As this news report from PBS shows, Claremont Lincoln University, a graduate school in California, is the first in the United States to bring together Christians, Jews and Muslims in the same classrooms to educate the future leaders of churches, synagogues and mosques. Claremont Lincoln is actually the creation of a much older institution, United Methodist-affiliated Claremont School of Theology, founded in 1885.  It partnered with Southern California’s Academy of Jewish Religion and the Islamic Center of Southern California to form this new school. Students attending this school can get master’s degrees in divinity, rabbinic studies and Muslim counseling. You can watch the report here.   hmmmm… thoughts? Todd
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Controversy
According to PewForum.org:  In a bow to the growing diversity of America’s religious landscape, the Claremont School of Theology, a Christian institution with long ties to the Methodist Church, will add clerical training for Muslims and Jews to its curriculum this fall, to become, in a sense, the first truly multi-faith American seminary. The transition upends centuries of tradition in which seminaries have hewn not just to single faiths but often to single denominations within those faiths. Eventually, Claremont hopes to add clerical programs for Buddhists and Hindus. Huh? Why? Is it a money thing to keep the ‘seminary’ alive? Is it a politically correct thing? Where is the United Methodist Church in all of this?  (According to Wikipedia, Claremont is one of 13 approved seminaries affiliated with the United Methodist Church… Claremont’s website seems to back that up). Here’s what the Claremont website says about the change:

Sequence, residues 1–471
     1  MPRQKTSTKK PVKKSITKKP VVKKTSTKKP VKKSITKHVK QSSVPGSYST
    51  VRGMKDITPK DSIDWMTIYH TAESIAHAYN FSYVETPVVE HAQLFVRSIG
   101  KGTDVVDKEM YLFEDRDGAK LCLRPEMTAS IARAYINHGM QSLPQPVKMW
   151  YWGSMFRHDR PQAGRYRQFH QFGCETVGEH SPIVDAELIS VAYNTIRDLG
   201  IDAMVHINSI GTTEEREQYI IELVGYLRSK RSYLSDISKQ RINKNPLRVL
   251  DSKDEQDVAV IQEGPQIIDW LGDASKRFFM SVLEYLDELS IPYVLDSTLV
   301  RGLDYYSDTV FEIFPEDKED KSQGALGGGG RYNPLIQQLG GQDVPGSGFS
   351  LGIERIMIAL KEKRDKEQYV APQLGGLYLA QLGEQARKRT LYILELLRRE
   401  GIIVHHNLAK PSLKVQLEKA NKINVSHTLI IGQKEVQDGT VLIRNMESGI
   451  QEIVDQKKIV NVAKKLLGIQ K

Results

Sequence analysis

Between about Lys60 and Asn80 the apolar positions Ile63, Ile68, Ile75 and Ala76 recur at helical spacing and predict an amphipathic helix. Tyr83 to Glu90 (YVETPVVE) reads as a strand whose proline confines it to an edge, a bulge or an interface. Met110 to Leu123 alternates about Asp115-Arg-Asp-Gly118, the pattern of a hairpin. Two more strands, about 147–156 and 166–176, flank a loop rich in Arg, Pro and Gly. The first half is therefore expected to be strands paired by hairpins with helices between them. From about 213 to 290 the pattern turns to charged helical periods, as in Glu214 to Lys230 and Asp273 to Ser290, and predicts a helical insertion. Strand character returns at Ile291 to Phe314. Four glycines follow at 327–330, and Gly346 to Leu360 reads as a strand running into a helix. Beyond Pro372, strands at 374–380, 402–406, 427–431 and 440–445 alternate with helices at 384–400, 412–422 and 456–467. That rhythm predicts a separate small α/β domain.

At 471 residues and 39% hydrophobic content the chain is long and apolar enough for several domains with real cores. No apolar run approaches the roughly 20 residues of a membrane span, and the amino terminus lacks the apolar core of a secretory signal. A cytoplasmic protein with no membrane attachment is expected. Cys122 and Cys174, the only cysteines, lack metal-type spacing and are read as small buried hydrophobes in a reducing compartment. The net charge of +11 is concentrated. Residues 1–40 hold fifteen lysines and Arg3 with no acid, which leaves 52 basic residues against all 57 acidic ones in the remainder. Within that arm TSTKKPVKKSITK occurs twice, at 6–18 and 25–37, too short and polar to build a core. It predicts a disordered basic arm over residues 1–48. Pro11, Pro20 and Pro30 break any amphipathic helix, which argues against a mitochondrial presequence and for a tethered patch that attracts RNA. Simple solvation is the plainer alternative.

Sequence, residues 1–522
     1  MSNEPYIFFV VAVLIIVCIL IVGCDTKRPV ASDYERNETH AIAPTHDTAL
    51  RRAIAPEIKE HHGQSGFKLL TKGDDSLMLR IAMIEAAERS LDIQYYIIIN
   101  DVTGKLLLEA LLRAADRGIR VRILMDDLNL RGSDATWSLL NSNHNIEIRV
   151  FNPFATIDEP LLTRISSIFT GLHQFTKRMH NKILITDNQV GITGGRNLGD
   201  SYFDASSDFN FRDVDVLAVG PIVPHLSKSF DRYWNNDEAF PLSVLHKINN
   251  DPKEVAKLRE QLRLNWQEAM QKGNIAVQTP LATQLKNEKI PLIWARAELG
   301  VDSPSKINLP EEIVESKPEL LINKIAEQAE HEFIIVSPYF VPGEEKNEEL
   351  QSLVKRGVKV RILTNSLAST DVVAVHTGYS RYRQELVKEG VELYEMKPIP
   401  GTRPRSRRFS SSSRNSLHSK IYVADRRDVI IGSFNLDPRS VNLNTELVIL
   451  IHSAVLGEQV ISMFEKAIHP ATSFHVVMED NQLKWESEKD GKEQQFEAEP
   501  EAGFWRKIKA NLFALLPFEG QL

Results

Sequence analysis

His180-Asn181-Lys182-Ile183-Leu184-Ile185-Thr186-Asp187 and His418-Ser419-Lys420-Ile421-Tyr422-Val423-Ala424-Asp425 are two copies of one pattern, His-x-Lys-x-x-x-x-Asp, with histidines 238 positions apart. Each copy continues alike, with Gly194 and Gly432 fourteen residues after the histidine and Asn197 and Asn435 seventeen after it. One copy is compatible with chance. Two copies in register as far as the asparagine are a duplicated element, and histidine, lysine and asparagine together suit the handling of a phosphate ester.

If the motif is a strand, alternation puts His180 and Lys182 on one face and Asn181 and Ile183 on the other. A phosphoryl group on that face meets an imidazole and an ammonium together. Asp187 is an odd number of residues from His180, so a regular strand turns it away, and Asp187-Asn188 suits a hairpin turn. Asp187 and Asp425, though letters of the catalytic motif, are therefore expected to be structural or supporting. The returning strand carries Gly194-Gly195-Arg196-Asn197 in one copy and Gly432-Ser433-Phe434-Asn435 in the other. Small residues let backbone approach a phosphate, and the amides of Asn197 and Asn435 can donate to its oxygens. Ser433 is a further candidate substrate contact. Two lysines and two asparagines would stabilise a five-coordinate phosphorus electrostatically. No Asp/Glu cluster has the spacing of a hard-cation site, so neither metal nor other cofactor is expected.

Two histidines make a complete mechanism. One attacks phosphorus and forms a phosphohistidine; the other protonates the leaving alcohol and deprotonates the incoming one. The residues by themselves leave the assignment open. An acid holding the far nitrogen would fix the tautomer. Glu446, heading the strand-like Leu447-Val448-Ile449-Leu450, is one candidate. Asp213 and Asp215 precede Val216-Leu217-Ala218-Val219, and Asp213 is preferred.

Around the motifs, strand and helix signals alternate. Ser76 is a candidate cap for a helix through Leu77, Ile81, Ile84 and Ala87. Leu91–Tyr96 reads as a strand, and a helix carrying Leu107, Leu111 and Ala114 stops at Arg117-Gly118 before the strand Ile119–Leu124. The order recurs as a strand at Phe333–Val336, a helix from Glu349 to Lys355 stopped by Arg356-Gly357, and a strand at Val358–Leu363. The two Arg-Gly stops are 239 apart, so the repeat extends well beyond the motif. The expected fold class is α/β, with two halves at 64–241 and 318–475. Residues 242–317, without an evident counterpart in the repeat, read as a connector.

Affiliated with The United Methodist Church, Claremont School of Theology has a long history of educating religious leaders. Founded in 1885, the School embraced an ecumenical vision upon its move to Claremont, California, in 1957. Today, it is making a similar adjustment of vision, to meet the cultural and religious demands of a world in transition.

While maintaining a strong School of Theology to prepare Christian ministers, Claremont is developing other schools to prepare teachers, counselors, scholars and community leaders for the interreligious realities of the 21st Century. We call this plan the University Project.

Also from the Claremont website:

We envision a model of theological education in which students are educated rigorously and intensively in their own religious traditions and in contact with the other religious traditions that are thriving throughout our society.  We aim to instill our students with a strong sense of their own religious identities and the integrity of the religious traditions that they represent, while simultaneously teaching them to recognize the legitimacy and integrity of the other religious traditions which they will encounter at Claremont and the world beyond.

According to Jerry Campbell, President of the school:

Some times, change seems glacial in its pace.  And at others, it hits like an avalanche.  Today, I am invigorated by the rush of change coming to Claremont, and we’re running as fast as we can to keep one step ahead of it all!

Your thoughts? Todd
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Leadership
Shannon O’Dell shares five things that he thinks they don’t teach in seminary, but they should.  See if you agree: #1 How to Communicate Vision #2 How to Lead a Staff #3 How to “Exhort” the Church Bully #4 How to Handle membership Loss #5 How to Love Your Wife as Christ Loved the Church What do you think?  How did seminary best prepare you for day-to-day ministry?  How did seminary fail to prepare you for day-to-day ministry? Todd —Read more here at Shannon’s blog; as well as see a video with Ed Youg & Ed Young Sr. addressing these issues.